I would like to thank the Global Landscapes Forum and the United Nations General Assembly for having me here today to share my concerns and share why my people have a sacred connection to the water and the lands. I would like to start by sharing that the work I do is in honour of my late Great Auntie Biidaasige-ba. If it weren’t for her lifetime commitment and sacrifices to create the awareness and the sacredness of water, I would not be standing here today. She inspired me to do this work as she was an Elder when she began. I thought about who would keep doing her work one day; I just didn’t expect that day to come as soon as it did. She created the Mother Earth Water Walks. She walked around all the Great Lakes, more than once. She did this because the Elders began to see changes in the lands, medicines, animals and waters.
Canadian Indigenous water activist Autumn Peltier, 15, addressed hundreds of international guests at UN headquarters in Manhattan on Saturday, where she urged the global community to respect the sacredness and importance of clean water. "I've said it once, and I'll say it again: we can't eat money or drink oil," said the activist from Wiikwemkoong First Nation on Manitoulin Island in northern Ontario. Peltier spoke at the Global Landscapes Forum, a platform on sustainable land use founded by UN Environment and the World Bank that's dedicated to achieving development and climate goals.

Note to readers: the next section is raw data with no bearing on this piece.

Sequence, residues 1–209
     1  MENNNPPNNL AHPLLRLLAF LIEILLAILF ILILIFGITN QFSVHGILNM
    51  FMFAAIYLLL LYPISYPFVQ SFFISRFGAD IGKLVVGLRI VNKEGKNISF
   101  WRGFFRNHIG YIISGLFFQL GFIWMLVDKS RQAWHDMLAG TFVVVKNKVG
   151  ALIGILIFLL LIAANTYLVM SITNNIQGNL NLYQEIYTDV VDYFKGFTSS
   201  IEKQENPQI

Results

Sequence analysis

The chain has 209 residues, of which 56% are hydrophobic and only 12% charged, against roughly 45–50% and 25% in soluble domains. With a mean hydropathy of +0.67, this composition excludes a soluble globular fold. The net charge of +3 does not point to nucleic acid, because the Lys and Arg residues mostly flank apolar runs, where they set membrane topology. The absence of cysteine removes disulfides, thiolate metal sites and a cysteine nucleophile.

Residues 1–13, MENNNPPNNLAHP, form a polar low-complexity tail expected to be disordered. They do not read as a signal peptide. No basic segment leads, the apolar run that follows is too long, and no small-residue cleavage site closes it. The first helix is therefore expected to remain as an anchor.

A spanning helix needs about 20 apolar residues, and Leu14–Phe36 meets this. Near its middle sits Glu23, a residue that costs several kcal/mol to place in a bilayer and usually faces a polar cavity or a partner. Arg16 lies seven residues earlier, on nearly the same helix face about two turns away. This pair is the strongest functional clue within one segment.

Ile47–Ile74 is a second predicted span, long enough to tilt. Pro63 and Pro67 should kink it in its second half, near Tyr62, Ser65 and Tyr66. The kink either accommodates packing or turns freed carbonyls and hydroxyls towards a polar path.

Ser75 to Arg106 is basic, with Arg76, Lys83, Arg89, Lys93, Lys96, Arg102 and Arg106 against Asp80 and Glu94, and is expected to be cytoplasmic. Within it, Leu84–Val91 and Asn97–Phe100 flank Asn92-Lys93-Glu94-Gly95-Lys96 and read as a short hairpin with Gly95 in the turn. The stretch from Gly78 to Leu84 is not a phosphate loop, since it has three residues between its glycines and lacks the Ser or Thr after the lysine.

A non-profit group is working with a First Nation community in northeastern Ontario to become citizen scientists. Swim Drink Fish, with funding from Environment Canada, is continuing to set up citizen science water monitoring hubs. The group is now working with Zhiibaahaasing First Nation, located at the western end of Manitoulin Island on the northshore of Lake Huron. "We're trying to build a community of people around the Great Lakes who are working for swimmable, drinkable and fishable water," Mark Mattson, president of Swim Drink Fish said.